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The CDC is lying to you again: flu fiction vs. flu reality | Jon Rappoport’s Blog

http://jonrappoport.wordpress.com/2013/06/20/the-cdc-is-lying-to-you-again-flu-fiction-vs-flu-reality/

The CDC is lying to you again: flu fiction vs. flu reality

The CDC is lying to you again: flu reality vs. flu fiction

by Jon Rappoport

June 20, 2013

www.nomorefakenews.com

I now have the official CDC flu-death statistics for the year 2010.

They were provided to me by Martin Maloney, who, some years ago, contacted me to show how the CDC was lying all the way along the line about numbers of flu deaths. Many thanks, Martin, for your good work.

2010 is apparently the most recent year for which the CDC has issued a final report. It was released on May 13 of this year.

The report comes through a sub-agency of the CDC, the National Vital Statistics System (NVSS).

On page 89 of the report, “Deaths: Final Data for 2010,” in Table 10, we find the following:

Influenza and Pneumonia [deaths]: 50,097.

Influenza [deaths]: 500.

Pneumonia [deaths]: 49,597.

In 2010, the CDC reports 500 deaths from the flu.

But the CDC PR people have trumpeted, over and over, that 36,000 people die every year in the US from the flu.

They’ve hyped this number, to emphasize how dangerous the flu is. They use the 36,000 number as a way to promote the flu vaccine. They use it to work for their pimps in the pharmaceutical industy.

Yet, their own numbers show 500 deaths in 2010, not 36,000.

Actually, if you dig below the surface of their PR, the CDC states in their literature that annual deaths from the flu range from about 3000 to 49,000.

This is obviously nowhere near the low 500-death figure for 2010.

And it isn’t only 2010 that’s at issue. In a recent article, I laid out how the CDC routinely reports, in the fine print, far fewer than 3000 flu deaths in a given year.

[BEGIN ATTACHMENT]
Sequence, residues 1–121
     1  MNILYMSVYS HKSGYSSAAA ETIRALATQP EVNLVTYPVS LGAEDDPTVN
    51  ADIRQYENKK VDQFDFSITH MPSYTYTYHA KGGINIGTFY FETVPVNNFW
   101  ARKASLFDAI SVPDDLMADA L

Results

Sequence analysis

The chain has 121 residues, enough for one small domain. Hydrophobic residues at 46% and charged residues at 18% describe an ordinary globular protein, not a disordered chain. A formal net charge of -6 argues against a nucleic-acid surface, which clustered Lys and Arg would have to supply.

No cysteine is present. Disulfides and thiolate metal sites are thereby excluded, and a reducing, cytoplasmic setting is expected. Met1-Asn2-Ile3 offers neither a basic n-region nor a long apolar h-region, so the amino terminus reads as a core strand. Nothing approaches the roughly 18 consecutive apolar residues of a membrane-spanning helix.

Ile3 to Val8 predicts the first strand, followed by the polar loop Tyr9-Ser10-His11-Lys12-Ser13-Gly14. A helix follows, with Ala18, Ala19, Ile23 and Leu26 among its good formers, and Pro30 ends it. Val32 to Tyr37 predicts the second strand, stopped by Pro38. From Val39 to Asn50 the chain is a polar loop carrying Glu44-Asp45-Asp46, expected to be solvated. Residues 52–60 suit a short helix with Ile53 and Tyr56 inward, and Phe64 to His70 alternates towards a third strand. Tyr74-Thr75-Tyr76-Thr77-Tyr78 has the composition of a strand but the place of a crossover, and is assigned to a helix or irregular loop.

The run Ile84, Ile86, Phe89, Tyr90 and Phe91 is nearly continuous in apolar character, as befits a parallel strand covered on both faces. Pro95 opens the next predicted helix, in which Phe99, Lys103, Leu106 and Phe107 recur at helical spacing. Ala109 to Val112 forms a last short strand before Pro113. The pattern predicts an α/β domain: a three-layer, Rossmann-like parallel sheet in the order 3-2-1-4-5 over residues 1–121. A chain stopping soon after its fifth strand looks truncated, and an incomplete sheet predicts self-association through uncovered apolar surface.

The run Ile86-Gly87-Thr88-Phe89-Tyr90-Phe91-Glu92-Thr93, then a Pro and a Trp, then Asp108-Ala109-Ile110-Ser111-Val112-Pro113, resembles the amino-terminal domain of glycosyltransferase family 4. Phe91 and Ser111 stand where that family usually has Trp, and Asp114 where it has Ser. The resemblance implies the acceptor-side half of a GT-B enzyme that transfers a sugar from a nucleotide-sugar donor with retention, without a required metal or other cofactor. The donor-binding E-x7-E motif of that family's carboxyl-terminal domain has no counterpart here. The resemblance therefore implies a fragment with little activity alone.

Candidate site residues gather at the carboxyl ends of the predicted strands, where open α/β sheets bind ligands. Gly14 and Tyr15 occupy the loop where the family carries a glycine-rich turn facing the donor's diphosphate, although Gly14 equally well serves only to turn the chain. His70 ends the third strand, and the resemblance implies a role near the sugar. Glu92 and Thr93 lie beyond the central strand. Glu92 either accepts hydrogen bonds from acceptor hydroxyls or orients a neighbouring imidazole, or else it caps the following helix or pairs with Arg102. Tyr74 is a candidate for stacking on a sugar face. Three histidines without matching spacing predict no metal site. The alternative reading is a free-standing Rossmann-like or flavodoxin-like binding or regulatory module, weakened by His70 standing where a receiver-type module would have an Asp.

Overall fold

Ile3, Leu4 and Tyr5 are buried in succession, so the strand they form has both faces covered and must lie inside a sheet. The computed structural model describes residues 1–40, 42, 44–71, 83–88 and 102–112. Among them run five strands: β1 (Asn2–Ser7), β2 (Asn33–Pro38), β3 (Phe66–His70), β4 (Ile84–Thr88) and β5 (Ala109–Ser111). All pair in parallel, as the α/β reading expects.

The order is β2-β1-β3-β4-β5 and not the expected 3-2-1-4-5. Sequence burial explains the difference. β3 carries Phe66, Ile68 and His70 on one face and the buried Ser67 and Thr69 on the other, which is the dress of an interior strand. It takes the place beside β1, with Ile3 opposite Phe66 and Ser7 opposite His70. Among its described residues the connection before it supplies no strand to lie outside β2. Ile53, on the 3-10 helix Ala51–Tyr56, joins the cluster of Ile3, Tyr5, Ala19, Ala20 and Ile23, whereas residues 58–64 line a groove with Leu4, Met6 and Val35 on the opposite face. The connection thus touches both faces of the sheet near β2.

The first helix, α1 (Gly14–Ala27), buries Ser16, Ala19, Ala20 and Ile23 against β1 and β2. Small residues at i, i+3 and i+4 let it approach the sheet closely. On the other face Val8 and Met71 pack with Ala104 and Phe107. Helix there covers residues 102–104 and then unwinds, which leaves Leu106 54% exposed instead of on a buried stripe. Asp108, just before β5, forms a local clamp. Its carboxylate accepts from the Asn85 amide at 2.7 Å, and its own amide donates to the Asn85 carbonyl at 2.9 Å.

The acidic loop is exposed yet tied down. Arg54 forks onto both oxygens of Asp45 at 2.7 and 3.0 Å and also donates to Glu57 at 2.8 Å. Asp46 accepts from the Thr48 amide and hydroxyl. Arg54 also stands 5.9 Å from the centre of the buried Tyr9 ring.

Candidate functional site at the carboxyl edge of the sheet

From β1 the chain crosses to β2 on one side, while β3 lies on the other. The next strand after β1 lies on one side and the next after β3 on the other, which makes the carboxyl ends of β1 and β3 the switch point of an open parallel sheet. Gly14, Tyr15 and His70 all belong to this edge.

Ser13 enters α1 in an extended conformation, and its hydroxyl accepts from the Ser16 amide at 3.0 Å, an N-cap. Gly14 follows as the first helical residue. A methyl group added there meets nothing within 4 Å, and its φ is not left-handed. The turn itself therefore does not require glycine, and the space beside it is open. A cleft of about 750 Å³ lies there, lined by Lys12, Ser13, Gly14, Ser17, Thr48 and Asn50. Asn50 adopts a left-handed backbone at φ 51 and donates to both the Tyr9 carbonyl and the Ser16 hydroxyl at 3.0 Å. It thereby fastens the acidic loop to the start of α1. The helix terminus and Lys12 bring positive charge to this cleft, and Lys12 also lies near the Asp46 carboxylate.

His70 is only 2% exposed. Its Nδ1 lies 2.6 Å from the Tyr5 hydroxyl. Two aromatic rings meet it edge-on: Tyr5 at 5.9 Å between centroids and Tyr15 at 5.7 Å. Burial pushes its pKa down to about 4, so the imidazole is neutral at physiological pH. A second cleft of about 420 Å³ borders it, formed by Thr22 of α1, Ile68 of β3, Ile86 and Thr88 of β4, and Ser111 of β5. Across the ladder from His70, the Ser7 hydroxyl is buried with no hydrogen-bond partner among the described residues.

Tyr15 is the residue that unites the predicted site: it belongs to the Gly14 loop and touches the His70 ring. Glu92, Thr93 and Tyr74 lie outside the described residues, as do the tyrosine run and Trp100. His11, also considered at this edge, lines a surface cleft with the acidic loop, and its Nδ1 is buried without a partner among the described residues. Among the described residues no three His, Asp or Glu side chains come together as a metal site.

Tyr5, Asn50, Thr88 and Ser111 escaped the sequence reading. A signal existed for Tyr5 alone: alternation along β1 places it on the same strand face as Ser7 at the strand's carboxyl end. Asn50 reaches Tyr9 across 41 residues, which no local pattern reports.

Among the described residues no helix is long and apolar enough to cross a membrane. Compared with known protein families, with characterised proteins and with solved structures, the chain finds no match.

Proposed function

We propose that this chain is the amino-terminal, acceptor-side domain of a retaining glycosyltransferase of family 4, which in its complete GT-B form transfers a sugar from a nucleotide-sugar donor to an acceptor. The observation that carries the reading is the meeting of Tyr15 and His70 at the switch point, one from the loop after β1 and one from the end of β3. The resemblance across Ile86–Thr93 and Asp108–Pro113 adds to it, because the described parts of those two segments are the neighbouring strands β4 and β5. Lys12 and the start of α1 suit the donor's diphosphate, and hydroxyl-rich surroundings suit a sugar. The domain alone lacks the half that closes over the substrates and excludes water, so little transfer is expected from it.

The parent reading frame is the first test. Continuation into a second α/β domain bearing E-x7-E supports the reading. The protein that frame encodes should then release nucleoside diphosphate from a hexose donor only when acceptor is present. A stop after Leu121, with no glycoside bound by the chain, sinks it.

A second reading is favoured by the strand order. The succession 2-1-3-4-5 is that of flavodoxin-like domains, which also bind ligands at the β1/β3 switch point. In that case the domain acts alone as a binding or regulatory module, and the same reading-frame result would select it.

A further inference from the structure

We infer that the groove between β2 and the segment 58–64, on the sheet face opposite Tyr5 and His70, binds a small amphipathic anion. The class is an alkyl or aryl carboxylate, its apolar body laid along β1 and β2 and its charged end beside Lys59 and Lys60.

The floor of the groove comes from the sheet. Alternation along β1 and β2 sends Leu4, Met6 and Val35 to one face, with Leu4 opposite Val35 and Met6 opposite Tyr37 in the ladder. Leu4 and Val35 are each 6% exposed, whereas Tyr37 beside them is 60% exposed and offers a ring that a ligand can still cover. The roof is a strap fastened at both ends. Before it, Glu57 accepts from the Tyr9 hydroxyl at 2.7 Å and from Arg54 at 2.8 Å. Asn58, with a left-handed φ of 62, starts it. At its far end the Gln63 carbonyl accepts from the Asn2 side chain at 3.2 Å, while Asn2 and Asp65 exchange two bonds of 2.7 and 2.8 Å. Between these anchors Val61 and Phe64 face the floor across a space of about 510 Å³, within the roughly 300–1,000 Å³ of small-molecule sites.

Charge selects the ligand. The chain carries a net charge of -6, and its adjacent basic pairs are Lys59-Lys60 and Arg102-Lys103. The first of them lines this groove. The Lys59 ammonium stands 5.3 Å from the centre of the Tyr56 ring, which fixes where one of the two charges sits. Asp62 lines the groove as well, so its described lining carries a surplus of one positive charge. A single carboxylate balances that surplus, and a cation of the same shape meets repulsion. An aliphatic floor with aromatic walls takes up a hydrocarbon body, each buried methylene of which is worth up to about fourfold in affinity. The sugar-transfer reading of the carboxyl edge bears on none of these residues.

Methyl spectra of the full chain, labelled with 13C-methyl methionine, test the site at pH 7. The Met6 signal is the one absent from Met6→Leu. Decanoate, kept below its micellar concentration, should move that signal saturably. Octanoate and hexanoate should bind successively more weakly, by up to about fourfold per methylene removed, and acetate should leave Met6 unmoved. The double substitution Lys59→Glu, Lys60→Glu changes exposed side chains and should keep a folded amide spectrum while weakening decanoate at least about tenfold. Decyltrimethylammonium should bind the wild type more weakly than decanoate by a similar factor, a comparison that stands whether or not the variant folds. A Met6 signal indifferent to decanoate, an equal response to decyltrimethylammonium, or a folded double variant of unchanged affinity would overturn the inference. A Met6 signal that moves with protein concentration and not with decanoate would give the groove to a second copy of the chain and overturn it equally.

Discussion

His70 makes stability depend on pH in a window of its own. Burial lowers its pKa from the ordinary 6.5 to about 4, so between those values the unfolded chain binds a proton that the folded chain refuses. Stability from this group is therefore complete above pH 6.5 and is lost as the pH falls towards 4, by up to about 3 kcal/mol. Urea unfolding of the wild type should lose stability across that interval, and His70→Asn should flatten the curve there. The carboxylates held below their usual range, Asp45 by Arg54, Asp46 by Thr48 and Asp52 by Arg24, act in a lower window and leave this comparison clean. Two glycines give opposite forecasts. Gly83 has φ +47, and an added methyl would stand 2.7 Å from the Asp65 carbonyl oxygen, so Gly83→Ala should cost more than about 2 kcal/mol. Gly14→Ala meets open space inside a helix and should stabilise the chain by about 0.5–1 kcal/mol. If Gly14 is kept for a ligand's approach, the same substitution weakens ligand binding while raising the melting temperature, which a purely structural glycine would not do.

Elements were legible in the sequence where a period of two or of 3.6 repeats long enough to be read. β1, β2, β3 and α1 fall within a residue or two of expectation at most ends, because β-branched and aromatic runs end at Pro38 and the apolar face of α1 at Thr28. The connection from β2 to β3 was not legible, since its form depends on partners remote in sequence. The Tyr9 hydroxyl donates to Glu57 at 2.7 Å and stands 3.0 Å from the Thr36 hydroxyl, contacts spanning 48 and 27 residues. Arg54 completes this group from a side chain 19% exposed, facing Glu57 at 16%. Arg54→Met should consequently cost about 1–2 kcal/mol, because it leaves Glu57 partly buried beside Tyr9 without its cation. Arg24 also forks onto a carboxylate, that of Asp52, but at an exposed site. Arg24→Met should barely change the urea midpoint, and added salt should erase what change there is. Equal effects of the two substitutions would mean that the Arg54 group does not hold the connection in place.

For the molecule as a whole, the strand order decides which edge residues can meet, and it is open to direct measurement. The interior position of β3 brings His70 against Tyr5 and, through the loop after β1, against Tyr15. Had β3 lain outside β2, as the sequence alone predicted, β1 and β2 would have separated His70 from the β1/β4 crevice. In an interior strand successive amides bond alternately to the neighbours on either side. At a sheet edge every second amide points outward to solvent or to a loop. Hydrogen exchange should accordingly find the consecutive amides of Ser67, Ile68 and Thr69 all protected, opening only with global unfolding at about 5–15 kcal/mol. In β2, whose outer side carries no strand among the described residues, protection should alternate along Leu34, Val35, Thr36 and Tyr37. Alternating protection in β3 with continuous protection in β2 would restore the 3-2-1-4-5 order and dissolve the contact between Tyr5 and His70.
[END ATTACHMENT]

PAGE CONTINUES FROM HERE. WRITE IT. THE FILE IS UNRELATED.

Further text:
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NSA scandal: the deepest secret of the Ed Snowden operation | Jon Rappoport’s Blog

https://jonrappoport.wordpress.com/2013/06/18/nsa-scandal-the-deepest-secret-of-the-ed-snowden-operation/

NSA scandal: the deepest secret of the Ed Snowden operation

NSA scandal: the deepest secret of the Ed Snowden operation

by Jon Rappoport

June 18, 2013

www.nomorefakenews.com

Everyone wants to see a hero.

When that hero emerges from the shadows and says all the right things, and when he exposes a monolithic monster, he’s irresistible.

However, that doesn’t automatically make him who he says he is.

That doesn’t automatically exempt him from doubts.

Because he’s doing the right thing, people quickly make him into a spokesman for their own hopes. If he’s finally blasting a hole in the dark enemy’s fortress, he has to be accepted at face value. He has to be elevated.

When dealing with the intelligence community and their spooks and methods, this can be a mistake. Deception is the currency of that community. Layers of motives and covert ops are business as usual.

In previous articles, I’ve raised a number of specific doubts about Ed Snowden.

Here I want to replay four statements Snowden made and examine them.

“When you see everything, you see them on a more frequent basis and you recognize that some of these things are actually abuses, and when you talk about them in a place like this [NSA]…over time that awareness of wrongdoing sorts of builds up and you feel compelled to talk about it, and the more you talk about it, the more you’re ignored, the more you’re told it’s not a problem…”

This statement describes Snowden, an analyst working at NSA, chatting regularly to colleagues about his growing doubts over the morality of NSA spying. This is quite hard to believe.

As Steve Kinney, writing at the Centre for Research on Globalisation points out, Snowden would have raised all sorts of red flags about himself.

If he hadn’t been fired outright, he certainly would have come under serious scrutiny, which, at the very least, would have reduced his ability to hack documents out of NSA’s most secret recesses.

And yet, Snowden, an analyst, claims he had access to “full rosters of everyone working at the NSA, the entire intelligence community and undercover assets all around the world, the locations of every station we have, what their missions are and so forth.”

Really?

That stretches doubt far beyond the point of credulity.

Both The Guardian and the Washington Post supposedly vetted Snowden carefully. I’d really like to see the results of that vetting.